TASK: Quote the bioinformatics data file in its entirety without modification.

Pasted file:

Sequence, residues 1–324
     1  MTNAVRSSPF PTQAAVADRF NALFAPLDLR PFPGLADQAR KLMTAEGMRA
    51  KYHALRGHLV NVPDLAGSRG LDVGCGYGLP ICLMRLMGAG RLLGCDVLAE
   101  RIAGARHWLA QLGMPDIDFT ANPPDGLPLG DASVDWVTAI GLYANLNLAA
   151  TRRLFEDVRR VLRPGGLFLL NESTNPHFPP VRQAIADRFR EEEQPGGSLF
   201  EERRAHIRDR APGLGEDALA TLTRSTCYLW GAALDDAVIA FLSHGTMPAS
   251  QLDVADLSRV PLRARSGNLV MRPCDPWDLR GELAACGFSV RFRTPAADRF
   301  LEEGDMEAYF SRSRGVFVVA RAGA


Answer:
Sequence, residues 1–324
     1  MTNAVRSSPF PTQAAVADRF NALFAPLDLR PFPGLADQAR KLMTAEGMRA
    51  KYHALRGHLV NVPDLAGSRG LDVGCGYGLP ICLMRLMGAG RLLGCDVLAE
   101  RIAGARHWLA QLGMPDIDFT ANPPDGLPLG DASVDWVTAI GLYANLNLAA
   151  TRRLFEDVRR VLRPGGLFLL NESTNPHFPP VRQAIADRFR EEEQPGGSLF
   201  EERRAHIRDR APGLGEDALA TLTRSTCYLW GAALDDAVIA FLSHGTMPAS
   251  QLDVADLSRV PLRARSGNLV MRPCDPWDLR GELAACGFSV RFRTPAADRF
   301  LEEGDMEAYF SRSRGVFVVA RAGA